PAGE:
President Donald Trump faced boos for the second time in a week when he met a crowd at a UFC match in New York’s Madison Square Garden.

Trump, who has long been a fan and supporter of the UFC, traveled to New York City on Saturday with his sons Donald Jr. and Eric along with Republican lawmakers Reps. Kevin McCarthy, Peter King, and Mark Meadows.

Trump’s appearance was intended to be a homecoming of sorts: when UFC was banned in some states and lost access to venues, he provided the Trump Taj Mahal in Atlantic City to keep the sport running. UFC president Dana White is also a well-known Trump supporter, who has even been seen at the White House on multiple occasions.

The crowd, however, did not seem overly pleased to see the president. Trump was met with some cheers, but also with a roar of boos as he entered the venue. Some people in the crowd raised signs that read “Remove Trump” and “Impeach Trump.”

To be fair, there were some cheers and “Make America Great” signs at the event. But as Columbia University political scientist Ian Bremmer pointed out in a tweet, it was surprising that the boos were dominant in a crowd that many might have expected to be more generous to Trump.

Trump, however, didn’t seem bothered by the jeers. The New York Times reported that he waved to the crowd and gave a thumbs up to the television cameras.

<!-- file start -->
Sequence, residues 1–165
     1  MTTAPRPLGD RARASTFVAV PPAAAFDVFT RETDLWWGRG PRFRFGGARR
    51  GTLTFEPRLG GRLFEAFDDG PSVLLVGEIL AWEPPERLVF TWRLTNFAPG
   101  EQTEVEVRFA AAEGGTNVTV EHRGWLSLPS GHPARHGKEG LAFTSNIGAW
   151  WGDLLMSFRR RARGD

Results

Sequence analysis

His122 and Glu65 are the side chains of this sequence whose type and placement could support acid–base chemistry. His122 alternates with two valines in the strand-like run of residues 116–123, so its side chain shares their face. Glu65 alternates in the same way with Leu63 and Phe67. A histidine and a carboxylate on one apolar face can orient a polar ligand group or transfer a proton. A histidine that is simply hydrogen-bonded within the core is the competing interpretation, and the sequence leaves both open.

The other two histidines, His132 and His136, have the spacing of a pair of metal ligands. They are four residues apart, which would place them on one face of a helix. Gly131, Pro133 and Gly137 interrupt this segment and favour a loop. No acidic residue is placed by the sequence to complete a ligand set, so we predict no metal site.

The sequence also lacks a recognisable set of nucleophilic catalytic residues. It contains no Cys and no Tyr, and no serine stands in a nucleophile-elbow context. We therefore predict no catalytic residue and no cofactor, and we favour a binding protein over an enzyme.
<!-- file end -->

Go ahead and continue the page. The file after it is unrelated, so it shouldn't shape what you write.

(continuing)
Following the event, both Trump and his sons denied there was any evidence of an unfriendly crowd, despite the video evidence available on social media. Sunday, Trump tweeted that the venue felt like a rally full of his fans.

This was the second time the president was booed in a week; the first came at a MLB World Series game, where Trump was met by boos and chants of “lock him up.”

Those chants caused a controversy over questions of whether it was appropriate for the crowd to call for the president’s imprisonment, as Vox’s Andrew Prokop explained. Some argued it was a valid form of protest, given Trump has encouraged chants of “lock her up” — directed at his former rival Hillary Clinton — at his rallies. Others, however, felt it was a worrying call for mob justice against a sitting president.

The boos at the UFC event did not lead to the same sort of discussions, likely because they amounted to the sort of protest presidents have faced in the past rather than any explicit calls for imprisonment. As writer Kevin M. Kruse noted following Trump’s poor reception at the baseball game, former Presidents George H.W. Bush, George W. Bush, and Barack Obama have all been booed at sporting events.

So while the chants of “lock him up” were unprecedented, the crowd’s reaction to Trump at the UFC event was not.

Trump appeared less bothered by Saturday’s boos than he was by the chants, which he reportedly grimaced through. And they were not of concern to UFC president and Trump ally White, either, who said, according to The Guardian: “This is America, you can believe and do whatever you want. If you want to boo, you can boo.”

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